Why it's time to talk about money

18 February 2020

5 min read

Laura Whateley
Laura Whateley

Personal Finance Journalist


Talking about money can be difficult, but it needs to be done, if only to lift the stigma and fear that surrounds the topic. Here, we discuss the reasons why people don’t like talking it, and why now, more than ever, is the time to talk about money.

There are few things that my friends and I find awkward to discuss: relationship breakdowns, medical conditions, career crises, we have analysed them all. But how much we earn? How much debt we have on our credit cards? What we want to happen to our money if we were to pass away? Generally, these are topics that we do not talk about.

If I had interrogated those I love about their financial positions over the years I’m sure they would have told me. But, a strange mix of British reserve and politeness with a dash of fear about being asked to reveal my own unremarkable situation, has meant that up until more recently, when I’ve challenged myself to confront the topic, money has felt out of bounds.


Don’t like talking about money? You’re not alone

I’m not alone. Our finances are still something we as a nation find extremely difficult to discuss often for fear of judgement or shame, even with those we know care about us dearly. In a survey for Starling Bank by YouGov, 78% of respondents felt uncomfortable talking about money. I reckon we generally feel embarrassed or it’s a bit taboo.

Look at the popularity of anonymous money diaries where people break down day by day how much they earn and how much they spend. We pore over them through the privacy of our laptop to get clues as to how other people do it, and where we might be going wrong. Because that’s the thing; learning about what other people do with their cash helps us make better decisions about our own, even if it’s as basic as whether they have a rainy day savings pot, or whether they invest in stocks and shares.


When we talk about money, everybody wins

If we don’t talk about money with people we trust, we don’t benefit from their experience and advice.

It also means we can’t properly support the financial wishes of our closest friends and family. Consequently, it becomes even more difficult to bring up the really tricky conversations involving money - wills, life insurance, funeral costs - until it’s too late.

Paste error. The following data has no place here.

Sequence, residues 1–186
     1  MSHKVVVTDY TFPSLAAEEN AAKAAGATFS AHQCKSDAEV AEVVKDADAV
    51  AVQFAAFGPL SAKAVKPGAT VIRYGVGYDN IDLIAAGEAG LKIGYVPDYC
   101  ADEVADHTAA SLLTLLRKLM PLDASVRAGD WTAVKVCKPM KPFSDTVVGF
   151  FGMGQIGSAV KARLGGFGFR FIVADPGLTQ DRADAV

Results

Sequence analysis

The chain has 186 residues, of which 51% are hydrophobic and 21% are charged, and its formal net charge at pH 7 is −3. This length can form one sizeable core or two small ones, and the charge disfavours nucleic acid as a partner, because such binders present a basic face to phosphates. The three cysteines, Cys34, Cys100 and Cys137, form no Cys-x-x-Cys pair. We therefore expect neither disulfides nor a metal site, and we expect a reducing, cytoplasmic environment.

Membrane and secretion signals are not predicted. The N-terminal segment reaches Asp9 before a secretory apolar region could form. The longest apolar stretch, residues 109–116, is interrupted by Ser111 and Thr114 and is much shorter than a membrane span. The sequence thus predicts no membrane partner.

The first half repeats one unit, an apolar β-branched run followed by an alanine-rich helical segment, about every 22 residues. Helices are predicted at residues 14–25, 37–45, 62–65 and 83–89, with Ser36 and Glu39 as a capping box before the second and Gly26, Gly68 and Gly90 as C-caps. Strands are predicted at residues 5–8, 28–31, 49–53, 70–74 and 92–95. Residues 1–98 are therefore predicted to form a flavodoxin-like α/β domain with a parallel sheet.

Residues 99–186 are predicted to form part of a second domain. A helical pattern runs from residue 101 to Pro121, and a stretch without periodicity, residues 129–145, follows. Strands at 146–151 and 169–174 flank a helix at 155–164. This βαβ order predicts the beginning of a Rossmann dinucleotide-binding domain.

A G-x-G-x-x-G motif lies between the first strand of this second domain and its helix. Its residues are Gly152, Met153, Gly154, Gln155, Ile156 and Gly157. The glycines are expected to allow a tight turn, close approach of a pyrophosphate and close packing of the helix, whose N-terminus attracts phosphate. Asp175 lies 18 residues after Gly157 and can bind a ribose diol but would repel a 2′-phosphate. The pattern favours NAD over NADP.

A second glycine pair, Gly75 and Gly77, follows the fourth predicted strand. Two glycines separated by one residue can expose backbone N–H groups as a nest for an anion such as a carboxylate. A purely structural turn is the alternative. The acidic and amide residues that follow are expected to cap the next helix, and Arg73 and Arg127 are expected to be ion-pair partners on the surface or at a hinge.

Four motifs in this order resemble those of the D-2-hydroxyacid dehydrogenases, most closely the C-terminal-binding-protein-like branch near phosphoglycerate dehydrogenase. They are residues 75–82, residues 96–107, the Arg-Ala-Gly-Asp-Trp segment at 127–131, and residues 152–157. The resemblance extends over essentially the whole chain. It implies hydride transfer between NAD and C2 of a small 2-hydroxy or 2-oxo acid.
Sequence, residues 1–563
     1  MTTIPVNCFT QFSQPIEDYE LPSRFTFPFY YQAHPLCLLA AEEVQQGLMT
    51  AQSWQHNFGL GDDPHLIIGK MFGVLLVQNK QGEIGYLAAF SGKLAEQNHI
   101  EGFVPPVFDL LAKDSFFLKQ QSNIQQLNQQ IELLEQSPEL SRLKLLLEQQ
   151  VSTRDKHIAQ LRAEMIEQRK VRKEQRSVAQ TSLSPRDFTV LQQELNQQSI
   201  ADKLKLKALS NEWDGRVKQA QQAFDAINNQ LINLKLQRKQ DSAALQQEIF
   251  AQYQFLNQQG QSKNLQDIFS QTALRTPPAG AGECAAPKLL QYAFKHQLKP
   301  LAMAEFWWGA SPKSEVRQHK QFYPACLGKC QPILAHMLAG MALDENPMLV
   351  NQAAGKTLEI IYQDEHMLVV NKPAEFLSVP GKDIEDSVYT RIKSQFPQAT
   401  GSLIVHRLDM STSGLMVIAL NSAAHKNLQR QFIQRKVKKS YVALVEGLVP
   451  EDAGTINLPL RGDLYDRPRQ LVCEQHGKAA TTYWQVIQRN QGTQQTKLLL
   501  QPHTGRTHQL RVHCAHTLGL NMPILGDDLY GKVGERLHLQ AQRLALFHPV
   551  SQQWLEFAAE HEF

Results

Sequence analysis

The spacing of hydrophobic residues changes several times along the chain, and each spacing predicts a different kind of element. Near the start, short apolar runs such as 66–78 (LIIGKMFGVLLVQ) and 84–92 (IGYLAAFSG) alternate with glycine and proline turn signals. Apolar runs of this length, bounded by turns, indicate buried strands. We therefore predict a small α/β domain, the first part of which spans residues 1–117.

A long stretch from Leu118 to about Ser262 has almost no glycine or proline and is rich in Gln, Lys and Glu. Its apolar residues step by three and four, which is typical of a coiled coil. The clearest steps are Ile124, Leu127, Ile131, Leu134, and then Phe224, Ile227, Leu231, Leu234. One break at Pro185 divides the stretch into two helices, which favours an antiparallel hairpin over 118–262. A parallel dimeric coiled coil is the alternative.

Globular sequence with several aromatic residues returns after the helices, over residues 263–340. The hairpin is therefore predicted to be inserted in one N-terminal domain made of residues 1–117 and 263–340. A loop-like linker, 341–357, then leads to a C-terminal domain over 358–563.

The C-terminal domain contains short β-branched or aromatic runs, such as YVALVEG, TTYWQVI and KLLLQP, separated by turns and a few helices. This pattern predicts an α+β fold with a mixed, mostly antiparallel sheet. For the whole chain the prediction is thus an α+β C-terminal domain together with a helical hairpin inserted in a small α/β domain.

Romantic relationships and marriages are not exempt. A financial adviser I recently met said she has lost count of the older couples she sees where the husband deals with all the family finances, leaving the wife clueless and potentially in trouble if she were to be widowed or divorced.

A marriage counsellor told me that if a couple do not tackle money issues head on, and early on in their relationships, it can become a ticking time bomb waiting to cause maximum destruction at a later date.

There is another reason that talking about finance is embarrassing, and that’s feeling clueless and overwhelmed by a choice of complicated financial products and services sold to us in off-putting jargon. We didn’t learn about money as part of the school curriculum, and our lack of money conversations mean we can reach a mature age without really understanding how a pension or investment works.


Moving forward

While it can be very hard to admit this, we must. If there’s one thing I’ve learnt as I’ve finally started to bring up the M word with my friends and family, we’re all as worried about it as each other. Sharing our knowledge - or lack thereof - is therapeutic as it is a great way of getting tips on how to save cash.

So go on, give it a try. You will probably find your loved ones are relieved you have made the first move.


Laura Whateley is a freelance writer and author of Sunday Times bestselling book Money: A User's Guide. She has written for a wide variety of publications including The Times, The Guardian, Grazia, Refinery 29, Elle, Red and Stylist.